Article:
The nation’s flu markers for the week ending Nov 19 climbed higher, with most of the continental US reporting high or very high activity and reports of five more deaths in children, the Centers for Disease Control and Prevention (CDC) said today in its latest update.

The early-season surge is occurring alongside brisk respiratory syncytial virus (RSV) activity that has overwhelmed some children’s hospitals. Also, COVID-19 variants continue to shift, with cases, hospitalizations, and deaths showing small rises.

H3N2 still dominant, but vaccines still a good match

In its latest FluView update, the CDC said 35 states are experiencing high or very high activity, with only 6 still reporting low activity, mostly in the north. At the national level, the percentage of respiratory samples that tested positive for flu at clinical labs rose from 14.7% to 18.2%. Positivity rose in most CDC regions, remained stable in the south-central states, and declined in the southeast.

H3N2 is still the dominant strain, making up 78% of influenza A samples. Seasons dominated by H3N2 are known to be tough on seniors and young children, and the virus is known to evolve to evade protection from the H3N2 component of the vaccine. But so far, the CDC said the majority of flu viruses tested are similar to the viruses included in this year’s seasonal flu vaccines.

The percentage of outpatient visits for flulike illness, which can reflect activity from other respiratory viruses, rose slightly from 5.8% to 6%.

For hospitalizations, the cumulative rate per 100,000 population was 11.3%, the highest for this point in the year since the 2010-2011 flu season. The highest rates are in seniors, followed by children ages 0 to 4 years old.

Five more pediatric flu deaths were reported, bringing the season’s total to 12. The deaths occurred between early October and the middle of November. All involved influenza A. Of two subtyped viruses, one was H1N1 and the other was H3N2.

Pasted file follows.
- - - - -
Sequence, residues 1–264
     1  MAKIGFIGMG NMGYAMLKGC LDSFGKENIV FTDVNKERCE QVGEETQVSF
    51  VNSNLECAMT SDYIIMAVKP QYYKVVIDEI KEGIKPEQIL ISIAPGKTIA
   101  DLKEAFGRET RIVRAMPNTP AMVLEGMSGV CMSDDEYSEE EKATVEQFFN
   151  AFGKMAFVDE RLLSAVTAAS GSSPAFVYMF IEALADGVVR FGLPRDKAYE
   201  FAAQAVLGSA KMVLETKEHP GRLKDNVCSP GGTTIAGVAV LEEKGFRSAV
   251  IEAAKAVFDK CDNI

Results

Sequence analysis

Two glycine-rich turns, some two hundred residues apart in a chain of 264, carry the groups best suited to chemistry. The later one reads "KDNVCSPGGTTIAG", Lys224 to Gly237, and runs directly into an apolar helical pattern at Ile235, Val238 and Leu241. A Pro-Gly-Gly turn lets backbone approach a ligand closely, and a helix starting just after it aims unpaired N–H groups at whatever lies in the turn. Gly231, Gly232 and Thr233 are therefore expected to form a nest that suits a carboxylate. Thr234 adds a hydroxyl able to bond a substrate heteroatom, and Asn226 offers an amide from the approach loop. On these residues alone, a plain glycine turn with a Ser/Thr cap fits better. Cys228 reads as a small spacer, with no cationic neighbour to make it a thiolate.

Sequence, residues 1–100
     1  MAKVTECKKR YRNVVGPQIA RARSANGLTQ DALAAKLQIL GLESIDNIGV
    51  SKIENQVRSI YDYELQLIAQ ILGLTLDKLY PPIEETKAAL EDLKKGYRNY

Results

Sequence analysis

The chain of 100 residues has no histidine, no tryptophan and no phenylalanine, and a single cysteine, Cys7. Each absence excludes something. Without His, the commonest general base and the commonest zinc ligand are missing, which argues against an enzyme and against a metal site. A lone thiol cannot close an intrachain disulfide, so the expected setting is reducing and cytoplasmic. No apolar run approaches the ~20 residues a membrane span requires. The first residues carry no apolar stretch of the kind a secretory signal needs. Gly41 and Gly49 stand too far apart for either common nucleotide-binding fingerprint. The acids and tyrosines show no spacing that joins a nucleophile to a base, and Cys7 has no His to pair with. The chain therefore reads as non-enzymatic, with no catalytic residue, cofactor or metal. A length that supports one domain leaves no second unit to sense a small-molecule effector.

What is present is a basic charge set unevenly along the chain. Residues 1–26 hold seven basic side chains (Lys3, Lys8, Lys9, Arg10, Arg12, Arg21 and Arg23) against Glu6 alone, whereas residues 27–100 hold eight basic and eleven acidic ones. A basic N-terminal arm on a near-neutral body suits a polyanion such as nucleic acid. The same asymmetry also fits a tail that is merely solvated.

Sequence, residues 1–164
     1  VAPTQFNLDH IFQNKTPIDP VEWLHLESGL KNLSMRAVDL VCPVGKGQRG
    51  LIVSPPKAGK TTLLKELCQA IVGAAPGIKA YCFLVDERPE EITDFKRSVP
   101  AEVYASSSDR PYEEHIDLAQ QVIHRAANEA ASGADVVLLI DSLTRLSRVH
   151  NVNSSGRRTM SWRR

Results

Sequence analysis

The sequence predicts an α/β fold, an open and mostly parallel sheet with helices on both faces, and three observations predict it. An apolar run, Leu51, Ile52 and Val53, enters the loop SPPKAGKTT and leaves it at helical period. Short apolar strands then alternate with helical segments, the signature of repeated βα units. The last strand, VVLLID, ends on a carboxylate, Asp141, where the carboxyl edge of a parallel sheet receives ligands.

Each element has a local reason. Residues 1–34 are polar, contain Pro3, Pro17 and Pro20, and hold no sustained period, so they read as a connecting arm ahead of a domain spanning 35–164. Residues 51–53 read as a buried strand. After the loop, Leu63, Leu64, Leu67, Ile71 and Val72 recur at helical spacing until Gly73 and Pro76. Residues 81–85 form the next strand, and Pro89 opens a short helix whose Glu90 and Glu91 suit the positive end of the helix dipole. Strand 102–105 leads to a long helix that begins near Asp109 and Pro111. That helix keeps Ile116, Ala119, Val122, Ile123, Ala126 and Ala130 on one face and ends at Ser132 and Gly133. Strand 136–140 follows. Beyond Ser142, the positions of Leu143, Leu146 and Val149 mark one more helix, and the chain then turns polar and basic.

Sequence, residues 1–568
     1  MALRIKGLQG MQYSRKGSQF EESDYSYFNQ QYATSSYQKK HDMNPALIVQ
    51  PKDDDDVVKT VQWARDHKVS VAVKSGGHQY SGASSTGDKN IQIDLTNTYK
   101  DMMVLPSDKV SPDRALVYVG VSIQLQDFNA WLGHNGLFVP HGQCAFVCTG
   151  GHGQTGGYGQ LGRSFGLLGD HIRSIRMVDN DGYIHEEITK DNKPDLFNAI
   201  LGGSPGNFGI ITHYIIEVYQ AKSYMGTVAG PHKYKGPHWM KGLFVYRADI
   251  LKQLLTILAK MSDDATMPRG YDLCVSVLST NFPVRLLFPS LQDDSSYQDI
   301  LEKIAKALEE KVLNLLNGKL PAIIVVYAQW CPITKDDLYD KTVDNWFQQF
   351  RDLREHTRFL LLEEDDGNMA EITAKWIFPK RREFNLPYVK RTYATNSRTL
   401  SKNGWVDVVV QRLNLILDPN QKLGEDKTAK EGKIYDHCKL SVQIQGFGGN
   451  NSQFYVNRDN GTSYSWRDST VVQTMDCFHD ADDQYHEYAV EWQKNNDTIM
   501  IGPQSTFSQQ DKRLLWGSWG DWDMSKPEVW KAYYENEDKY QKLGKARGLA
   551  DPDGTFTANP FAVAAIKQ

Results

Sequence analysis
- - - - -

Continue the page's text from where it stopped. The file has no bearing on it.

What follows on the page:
US COVID markers edge upward

Meanwhile, the 7-day average for new daily COVID-19 cases today is 43,692, up 8% compared to a week ago, according to the Washington Post tracker. Similarly, the daily average for deaths is 379, up 24% from last week. And likewise, hospitalizations are up 5%.

Though small, the uptick in COVID-19 activity is occurring against the backdrop of the steadily rising proportion of Omicron subvariants BQ.1 and BQ.1.1, which are known to more easily evade earlier protection from vaccination or previous infection.

In its last variant proportion estimates, the CDC said the original BA.5 Omicron subvariant now makes up only 19.4% of sequenced samples. BQ.1 now makes up 27.9%, with BQ.1.1 making up 29.4%. XBB, an Omicron variant recombinant fueling outbreaks in Asia, is rising slowly and currently makes up 3.1%.

In other COVID developments, protests in China over the country’s “zero COVID” policy flared in at least 10 major cities over the past several days, with the country experiencing a sharp rise in daily cases.

In Shanghai, for example, protesters clashed with police and called for the removal of China’s president and the end of Chinese Community Party rule, according to CBS News. The rare protests were partly triggered by anger over the deaths of 10 people in an apartment fire in which the response was reportedly delayed due to excessive lockdown measures.

For more information, visit CIDRAP, Center for Infectious Disease Research and Policy.